The HIAB's next party trick was awesome too... with the flick of a button in the cab the whole front section levered itself forward, to reveal the smouldering remains of the driver's repair!
The magical jubilee clip just couldn't hold the pressure, and had come loose.
So away the driver went (it was now tipping it down, and I couldn't wait in the cab because the cab floor was at 45 degrees and the door was now about 8ft up in the air!
Soon a Haulage repair company turned up and set to work on the repair. Thinking it would be a quick job I stayed to watch. Turns out it wasn't and so before I got trench foot, I got the ladder out and went up into my yacht on the back of a lorry, went and sat at my desk and played cards...
Now I'm not the best at cards, in fact I'm pretty hopeless, ask my housemates of 67 pjm. So when it looked like I was gonna finish off my game of solitare, you can imagine my disappointment as the driver tapped on the hull of the boat and said time to go!
The disappointment was soon reduced as we sped off down to Ynyslas.
Upon arrival we were greeted by the staff and other people who live at the yard. In the dark, wind and rain they stood at the gate, wearing matching red head torches, and guided us in to the boats eventual mooring spot.
As I made my apologies for the delay, while introducing myself to my yard mates, I was soon whisked away to be shown the woodburner Lloyd had made me... I had been pricing up alternative places to get a stove from fearing this stove would be a bodge job. Oh no she was a beauty, the smallest wood burner I've ever seen, but beautiful. The yard had been working on her all winter to perfect her, and she was now, well perfect!
Once everything was sorted with the haulage and chocking up the trailer I headed into Borth to get the bus or train back to Aber, get a few things and sort out a few things.... Borth's further away than I remembered! Luckily I hitched a lift in with a lovely gent who owns a Snapdragon at the yard as luck would have it. He drove me into Borth, where I used the payphone (I know they do still exist!) to call in the ex that made this all possible to give me a lift back to Aber.
On arrival back in Aber, I charged my phone just enough to txt Jo who'd kindly brought up my kayak to say I was now here. And within moments we were back on out way with my kayak to the yard to slot her under the boat! (The bilge keel hugs the kayak light like a mother monkey to her child!)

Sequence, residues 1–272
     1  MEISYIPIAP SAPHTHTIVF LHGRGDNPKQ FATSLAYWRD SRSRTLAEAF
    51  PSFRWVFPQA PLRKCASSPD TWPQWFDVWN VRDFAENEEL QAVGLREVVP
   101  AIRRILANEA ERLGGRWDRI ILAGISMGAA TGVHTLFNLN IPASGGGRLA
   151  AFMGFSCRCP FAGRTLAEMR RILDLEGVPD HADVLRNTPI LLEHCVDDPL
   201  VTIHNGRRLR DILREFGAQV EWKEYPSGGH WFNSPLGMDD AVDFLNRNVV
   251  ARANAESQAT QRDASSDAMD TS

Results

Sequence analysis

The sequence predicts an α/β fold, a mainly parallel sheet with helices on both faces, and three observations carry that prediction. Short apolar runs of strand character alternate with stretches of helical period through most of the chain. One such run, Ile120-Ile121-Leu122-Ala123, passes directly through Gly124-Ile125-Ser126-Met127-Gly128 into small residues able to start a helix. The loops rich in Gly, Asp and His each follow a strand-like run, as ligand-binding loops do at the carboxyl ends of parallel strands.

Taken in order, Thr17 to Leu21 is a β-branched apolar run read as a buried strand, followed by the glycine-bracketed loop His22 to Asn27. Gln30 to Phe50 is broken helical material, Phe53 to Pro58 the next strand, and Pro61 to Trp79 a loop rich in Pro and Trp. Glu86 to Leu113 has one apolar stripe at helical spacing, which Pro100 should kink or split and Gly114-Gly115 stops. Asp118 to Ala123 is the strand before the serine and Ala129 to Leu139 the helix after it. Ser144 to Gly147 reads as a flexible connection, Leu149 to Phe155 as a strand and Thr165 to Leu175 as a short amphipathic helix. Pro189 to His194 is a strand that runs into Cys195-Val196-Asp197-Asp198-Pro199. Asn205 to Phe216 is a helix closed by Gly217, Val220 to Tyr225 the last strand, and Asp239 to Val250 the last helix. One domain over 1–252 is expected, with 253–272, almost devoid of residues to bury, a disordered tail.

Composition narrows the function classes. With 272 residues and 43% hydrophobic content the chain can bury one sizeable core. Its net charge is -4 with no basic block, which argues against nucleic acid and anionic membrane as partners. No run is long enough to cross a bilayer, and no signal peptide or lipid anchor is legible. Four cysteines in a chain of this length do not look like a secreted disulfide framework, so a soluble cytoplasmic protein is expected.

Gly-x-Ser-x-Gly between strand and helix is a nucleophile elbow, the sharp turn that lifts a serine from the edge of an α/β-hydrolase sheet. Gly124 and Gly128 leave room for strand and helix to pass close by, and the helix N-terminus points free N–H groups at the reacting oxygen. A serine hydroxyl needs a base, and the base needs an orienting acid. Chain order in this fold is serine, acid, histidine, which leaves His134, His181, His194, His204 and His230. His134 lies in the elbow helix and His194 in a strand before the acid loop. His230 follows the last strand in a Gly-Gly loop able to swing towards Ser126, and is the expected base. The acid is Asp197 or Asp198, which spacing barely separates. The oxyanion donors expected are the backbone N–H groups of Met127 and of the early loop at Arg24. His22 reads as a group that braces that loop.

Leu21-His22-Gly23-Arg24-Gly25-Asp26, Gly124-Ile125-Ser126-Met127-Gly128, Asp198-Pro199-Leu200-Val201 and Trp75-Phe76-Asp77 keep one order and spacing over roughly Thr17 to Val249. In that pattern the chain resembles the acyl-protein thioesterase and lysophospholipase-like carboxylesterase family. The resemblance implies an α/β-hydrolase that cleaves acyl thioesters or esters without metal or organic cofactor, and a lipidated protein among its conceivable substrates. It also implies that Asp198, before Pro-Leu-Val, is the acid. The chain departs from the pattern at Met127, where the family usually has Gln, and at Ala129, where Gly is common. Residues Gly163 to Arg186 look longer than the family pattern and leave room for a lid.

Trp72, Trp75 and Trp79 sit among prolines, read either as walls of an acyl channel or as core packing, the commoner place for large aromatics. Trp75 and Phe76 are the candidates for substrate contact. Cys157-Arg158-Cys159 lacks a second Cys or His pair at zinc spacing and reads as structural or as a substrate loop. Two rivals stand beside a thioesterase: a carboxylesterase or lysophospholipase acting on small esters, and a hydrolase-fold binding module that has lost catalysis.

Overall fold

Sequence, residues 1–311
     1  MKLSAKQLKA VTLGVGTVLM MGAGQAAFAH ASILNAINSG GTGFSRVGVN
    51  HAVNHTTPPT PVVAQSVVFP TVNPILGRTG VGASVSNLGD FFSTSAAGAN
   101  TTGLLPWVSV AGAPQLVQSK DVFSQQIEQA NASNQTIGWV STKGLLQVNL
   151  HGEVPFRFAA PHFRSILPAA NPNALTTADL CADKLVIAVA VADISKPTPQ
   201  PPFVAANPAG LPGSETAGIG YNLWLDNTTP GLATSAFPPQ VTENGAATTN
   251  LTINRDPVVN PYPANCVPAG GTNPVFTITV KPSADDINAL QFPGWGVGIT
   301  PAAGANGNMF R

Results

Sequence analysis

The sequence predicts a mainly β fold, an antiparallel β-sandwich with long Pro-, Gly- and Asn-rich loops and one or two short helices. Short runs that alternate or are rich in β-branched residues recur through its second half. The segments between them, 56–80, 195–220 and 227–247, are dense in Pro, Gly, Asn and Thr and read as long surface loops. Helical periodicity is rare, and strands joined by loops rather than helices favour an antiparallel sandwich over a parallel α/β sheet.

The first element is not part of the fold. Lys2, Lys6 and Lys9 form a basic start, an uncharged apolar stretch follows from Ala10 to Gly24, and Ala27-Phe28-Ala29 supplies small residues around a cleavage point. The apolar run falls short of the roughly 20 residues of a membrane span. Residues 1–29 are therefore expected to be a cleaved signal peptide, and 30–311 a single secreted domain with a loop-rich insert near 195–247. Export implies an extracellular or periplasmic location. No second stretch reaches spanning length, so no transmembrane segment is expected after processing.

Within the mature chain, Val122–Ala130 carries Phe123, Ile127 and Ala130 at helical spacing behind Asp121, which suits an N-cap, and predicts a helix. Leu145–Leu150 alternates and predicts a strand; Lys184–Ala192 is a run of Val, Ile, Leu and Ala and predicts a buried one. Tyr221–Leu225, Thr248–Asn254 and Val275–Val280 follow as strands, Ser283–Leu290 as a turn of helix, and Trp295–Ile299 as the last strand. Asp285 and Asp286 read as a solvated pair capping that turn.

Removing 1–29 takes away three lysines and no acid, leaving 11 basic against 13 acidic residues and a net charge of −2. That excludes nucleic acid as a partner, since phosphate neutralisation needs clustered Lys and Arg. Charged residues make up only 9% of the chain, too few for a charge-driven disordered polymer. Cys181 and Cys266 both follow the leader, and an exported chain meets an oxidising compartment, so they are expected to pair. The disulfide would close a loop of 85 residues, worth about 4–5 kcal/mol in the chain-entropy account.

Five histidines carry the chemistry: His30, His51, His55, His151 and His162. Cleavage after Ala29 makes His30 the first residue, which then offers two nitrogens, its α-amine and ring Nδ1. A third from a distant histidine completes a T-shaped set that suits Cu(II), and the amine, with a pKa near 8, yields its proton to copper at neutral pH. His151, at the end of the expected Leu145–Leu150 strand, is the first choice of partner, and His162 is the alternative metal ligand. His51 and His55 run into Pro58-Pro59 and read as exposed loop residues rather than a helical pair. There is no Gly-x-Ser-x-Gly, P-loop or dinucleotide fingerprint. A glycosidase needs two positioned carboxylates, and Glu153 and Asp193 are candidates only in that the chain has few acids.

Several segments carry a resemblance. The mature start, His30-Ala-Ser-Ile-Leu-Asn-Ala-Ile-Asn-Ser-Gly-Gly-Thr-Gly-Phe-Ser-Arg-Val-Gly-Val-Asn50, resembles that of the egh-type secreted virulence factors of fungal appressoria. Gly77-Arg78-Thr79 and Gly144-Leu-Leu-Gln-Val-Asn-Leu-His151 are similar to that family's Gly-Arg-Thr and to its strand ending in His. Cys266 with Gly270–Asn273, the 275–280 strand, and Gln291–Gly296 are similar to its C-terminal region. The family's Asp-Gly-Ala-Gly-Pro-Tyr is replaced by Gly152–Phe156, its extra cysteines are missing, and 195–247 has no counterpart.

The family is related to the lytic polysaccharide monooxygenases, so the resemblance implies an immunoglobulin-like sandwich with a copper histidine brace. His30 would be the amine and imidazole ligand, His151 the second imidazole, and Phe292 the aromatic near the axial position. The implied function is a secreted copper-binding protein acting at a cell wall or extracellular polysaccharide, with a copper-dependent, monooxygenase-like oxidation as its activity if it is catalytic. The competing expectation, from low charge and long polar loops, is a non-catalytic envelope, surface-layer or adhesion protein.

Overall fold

One last sleep in town, in a bed, tho for this night before moving out properly.
Next morning I buy some things the boat needs, before heading to the yard to have the burner fitted. Out with the toilet in with the stove, fair swap I feel!
As the welsh rain fell, I quickly devoured a tin of beans before a few knocks with the hammer made a cowl to stop the rain coming down the chimney.
Soon after I started my first meal on the stove, Eggs and Bacon, my god was it tasty!
The boys at the yard have been fantastic so far, they've sorted everything out I could ask, they've lent my any tool I need, and they've given every piece of advice I could ever ask for. for this I'm forever grateful.
The next day I had work 9-5 cleaning up and preparing the hotel I work at for the new season, a long day, but good fun. The staff at work (and almost everyone I've met along the way) have all been so accommodating helping me out. At work they offered to help find me anything I needed for the boat, while also giving me a supply of firewood (in green grocer crates) some food (in the store of apples left from this years harvest), and various utensils I required. Bless the boss he's also lent me a shed for storing my excess gear, and is letting my mother stay over at the hotel when she comes to help me out onboard.
After work I cleaned out the old flat with the ex as the contract ran out the following morning. Moving is always a stressful thing, but something about cleaning out a flat, that represents the future you were building was quite hard to take.
The boss then drove me back out to the yard, and the expressions from his face when he viewed the boat were a sight to behold. When I've brought mates to the boat they've seen that yes its small but its got everything and its perfectly adequate. He just had blind fear in his face, its making me chuckle just thinking about it.
This brings me back to a conversation I had with the ex that evening. She said she felt sorry for me, in that I had little cash, and had almost been forced into taking the option of this tiny yacht, and she thought it might make me sad.
When I thought about it though, I realised at the moment, I'm feeling the happiest I've ever felt. I've got a cool quirky house that has my every need, I'm living in a way that's frugal and relatively good for the planet, every penny I'm spending on my boat is something I am more than likely gonna make back when I sell her instead of going into the pocket of some landlord, I live in a amazing beautiful place, I can go kayaking whenever I feel (indeed yesterday morning I kayaked up river collecting firewood before breakfast), I get to cycle across some of the most gorgeous scenery in the world to get to uni, I'm surrounded by brilliant funny people who want to help me and want to have a good time, I have so many opportunity's with these people to do amazing things. Many people only have the experiences I've had in these first few days once in there life. Most only get to do the things I'm doing on holiday. Most people never have times like these. And for these reasons, I feel the richest and happiest I have ever felt... Long may it continue!